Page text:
Drones has also been cleverly used in Japan, where the store chain Lawson, in cooperation with a local technology company, was able to deliver gourmet meals with help from villagers who had returned to the area, after the Fukushima nuclear power plant cancellation. The need was due to the fact that access to basic consumer goods has become a daily challenge for people returning to Fukushima. Lawson has already been offering goods delivery to remote locations since 2013, but the capacity of a vans that operates twice a week is limited and it does not allow serving warm foods. Drone, on the other hand, can deliver up to two kilograms of goods for one trip. The service was introduced on November 1, 2017, and the locals reacted very positively to it.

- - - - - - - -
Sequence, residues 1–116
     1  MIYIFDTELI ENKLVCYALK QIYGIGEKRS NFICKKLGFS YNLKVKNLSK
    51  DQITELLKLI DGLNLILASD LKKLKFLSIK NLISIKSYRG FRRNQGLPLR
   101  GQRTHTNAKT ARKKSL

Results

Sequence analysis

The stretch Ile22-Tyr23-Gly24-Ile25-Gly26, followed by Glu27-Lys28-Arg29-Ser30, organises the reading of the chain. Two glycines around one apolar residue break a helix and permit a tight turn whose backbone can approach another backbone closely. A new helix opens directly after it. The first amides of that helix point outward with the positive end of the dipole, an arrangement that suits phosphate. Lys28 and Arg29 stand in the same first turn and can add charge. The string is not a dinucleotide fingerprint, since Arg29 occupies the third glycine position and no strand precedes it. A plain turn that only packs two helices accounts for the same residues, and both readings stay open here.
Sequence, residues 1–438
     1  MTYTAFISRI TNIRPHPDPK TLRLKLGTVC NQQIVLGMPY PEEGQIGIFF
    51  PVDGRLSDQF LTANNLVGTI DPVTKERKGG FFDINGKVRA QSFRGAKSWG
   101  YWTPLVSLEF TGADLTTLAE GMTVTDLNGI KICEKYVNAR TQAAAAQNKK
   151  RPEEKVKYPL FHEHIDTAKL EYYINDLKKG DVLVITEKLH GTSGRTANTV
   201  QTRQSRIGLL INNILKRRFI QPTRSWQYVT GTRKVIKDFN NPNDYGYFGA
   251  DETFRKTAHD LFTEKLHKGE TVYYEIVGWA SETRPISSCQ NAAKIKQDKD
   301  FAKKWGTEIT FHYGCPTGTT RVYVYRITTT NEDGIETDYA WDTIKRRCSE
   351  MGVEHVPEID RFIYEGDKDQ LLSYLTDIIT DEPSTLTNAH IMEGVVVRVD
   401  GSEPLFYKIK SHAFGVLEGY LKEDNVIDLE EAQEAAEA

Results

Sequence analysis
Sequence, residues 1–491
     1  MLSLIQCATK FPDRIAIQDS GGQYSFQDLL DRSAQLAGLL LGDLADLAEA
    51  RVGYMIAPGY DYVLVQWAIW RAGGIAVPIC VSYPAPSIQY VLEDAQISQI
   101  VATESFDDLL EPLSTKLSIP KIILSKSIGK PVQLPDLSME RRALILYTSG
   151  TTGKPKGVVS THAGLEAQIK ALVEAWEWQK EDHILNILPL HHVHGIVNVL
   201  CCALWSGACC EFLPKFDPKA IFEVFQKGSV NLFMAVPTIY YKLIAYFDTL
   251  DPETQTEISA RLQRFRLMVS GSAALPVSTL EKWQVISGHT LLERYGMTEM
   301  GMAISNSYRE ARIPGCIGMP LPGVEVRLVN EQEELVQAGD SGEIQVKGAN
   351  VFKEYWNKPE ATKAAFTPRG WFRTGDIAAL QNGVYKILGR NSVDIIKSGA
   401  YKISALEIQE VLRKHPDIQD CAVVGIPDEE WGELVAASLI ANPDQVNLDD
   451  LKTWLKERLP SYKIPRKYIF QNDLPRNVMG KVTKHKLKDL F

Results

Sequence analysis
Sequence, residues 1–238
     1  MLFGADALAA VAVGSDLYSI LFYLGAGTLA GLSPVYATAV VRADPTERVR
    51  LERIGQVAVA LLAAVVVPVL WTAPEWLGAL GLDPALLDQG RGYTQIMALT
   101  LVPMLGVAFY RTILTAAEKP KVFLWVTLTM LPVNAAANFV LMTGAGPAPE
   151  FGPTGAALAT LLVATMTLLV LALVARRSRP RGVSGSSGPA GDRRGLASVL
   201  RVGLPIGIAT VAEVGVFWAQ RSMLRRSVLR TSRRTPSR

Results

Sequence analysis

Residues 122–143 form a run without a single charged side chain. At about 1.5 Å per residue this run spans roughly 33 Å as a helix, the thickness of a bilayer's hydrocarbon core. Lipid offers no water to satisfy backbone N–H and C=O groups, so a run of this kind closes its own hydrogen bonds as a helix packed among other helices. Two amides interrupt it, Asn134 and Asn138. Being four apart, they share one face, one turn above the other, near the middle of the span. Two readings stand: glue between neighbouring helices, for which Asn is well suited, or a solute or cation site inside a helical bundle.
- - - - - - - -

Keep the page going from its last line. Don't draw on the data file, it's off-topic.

The topic is also relevant in Estonia, as Cleveron, which is an Estonian logistics company, who is also the founder of Smartpost and is currently one of the world's leading vendor technology developers and network builders, addressed the courier service provided by smart drones. According to information from the website estonianworld.com, Cleveron is testing a new system that allows clients to order refreshing drinks without leaving their beachfront. To order a beverage, the client has to send an SMS from her phone and as soon as the message arrives, the drink is delivered by drone. Drone will take the goods to the designated point at the coastal area. The cool drink reaches the beach in five minutes and the beverage is paid through the mobile phone. In order to expand its service to the European market, Cleveron also expects laws to allow courier services to be provided. There is no doubt that the drone is one of the most effective ways to move packages, because the mail can be delivered in a matter of hours or even minutes. Considering that with Starship robots that provide courier services the Estonian legislator accepted the new regulations in just three months, so it's probably just a matter of time when the drones offering courier services will come into everyday use.